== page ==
A single exhaled breath could detect heart failure, according to new research. Dr. Raed Dweik of the Cleveland Clinic, led the study, which is published in the Journal of the American College of Cardiology.
Dweik said the answer lies in the ‘breathprint.’
“We consistently kept finding that patients with heart failure had a different breathprint,” Dweik said. “So, you analyse their breath; you always find there is something different about it than patients who do not have heart failure.”
Dweik’s team looked at patients admitted to the hospital with heart failure, and they were asked to exhale once into a special hand-held breath anaylsis device.
The breathprints were compared to a group of patients who did not have heart failure, and results showed higher levels of organic compounds called acetone and pentane in the patients with heart failure.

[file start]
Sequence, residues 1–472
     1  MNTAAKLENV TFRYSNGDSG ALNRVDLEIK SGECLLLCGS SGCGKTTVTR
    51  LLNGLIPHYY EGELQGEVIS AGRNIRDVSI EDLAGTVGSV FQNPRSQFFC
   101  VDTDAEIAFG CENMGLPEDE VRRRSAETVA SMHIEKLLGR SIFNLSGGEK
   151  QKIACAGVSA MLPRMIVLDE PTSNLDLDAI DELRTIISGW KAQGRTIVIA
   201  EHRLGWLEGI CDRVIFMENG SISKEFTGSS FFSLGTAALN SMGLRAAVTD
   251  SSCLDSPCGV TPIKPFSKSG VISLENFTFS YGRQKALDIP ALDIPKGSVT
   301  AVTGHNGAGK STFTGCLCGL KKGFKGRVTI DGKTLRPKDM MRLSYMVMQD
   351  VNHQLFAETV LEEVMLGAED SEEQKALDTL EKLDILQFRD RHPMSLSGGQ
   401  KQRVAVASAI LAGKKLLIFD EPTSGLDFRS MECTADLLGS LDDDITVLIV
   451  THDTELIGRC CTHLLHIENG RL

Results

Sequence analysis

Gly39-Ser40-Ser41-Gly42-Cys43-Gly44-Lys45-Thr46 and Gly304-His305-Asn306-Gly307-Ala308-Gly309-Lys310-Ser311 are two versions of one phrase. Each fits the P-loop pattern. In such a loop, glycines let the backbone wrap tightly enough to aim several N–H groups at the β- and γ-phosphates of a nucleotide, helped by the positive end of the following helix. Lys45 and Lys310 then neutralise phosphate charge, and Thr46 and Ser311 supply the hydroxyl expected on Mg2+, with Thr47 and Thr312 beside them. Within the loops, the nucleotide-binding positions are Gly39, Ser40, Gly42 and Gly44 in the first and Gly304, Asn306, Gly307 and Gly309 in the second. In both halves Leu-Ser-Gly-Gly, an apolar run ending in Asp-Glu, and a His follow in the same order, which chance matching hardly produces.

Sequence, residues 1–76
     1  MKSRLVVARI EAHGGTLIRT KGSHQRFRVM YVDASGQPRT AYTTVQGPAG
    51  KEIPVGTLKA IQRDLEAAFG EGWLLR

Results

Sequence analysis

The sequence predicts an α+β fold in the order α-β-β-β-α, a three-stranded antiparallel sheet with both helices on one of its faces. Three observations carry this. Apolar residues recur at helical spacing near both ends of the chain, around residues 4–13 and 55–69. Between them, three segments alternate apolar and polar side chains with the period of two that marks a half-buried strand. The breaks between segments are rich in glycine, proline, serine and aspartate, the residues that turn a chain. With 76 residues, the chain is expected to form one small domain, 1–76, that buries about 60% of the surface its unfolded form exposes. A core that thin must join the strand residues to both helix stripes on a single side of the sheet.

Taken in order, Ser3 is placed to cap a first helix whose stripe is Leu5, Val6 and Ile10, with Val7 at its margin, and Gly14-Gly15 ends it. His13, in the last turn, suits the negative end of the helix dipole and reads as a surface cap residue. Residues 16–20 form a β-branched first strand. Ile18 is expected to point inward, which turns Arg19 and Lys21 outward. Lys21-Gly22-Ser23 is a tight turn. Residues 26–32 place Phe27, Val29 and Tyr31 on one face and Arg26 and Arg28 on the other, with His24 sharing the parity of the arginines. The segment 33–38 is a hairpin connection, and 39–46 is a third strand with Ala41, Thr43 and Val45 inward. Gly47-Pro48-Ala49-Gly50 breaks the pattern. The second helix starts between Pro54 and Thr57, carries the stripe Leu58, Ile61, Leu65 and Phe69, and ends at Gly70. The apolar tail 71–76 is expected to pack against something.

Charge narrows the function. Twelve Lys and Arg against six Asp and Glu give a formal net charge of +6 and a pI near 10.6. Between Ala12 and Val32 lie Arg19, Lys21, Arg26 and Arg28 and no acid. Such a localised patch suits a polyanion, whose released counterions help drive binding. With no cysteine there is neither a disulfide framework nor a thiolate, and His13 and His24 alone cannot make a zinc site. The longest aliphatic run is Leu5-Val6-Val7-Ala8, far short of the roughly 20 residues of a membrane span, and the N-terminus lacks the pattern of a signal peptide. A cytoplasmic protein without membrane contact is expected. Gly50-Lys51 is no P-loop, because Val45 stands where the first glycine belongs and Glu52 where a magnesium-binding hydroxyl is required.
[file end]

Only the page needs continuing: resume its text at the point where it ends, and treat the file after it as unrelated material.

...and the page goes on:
Dweik’s findings may be able to treat heart failure patients better.
“Many of them get readmitted to the hospital frequently, many within a month of discharge they get back in the hospital, so to be able to identify who has heart failure and who does not and whose heart failure is uncontrolled is very important to be able to manage them appropriately,” Dweik said.
Dweik said someone’s breath can tell a lot about their health.
“We are starting to recognise that our breath has thousands of molecules in it, and these molecules can tell us a lot about our state of health or disease,” he added.
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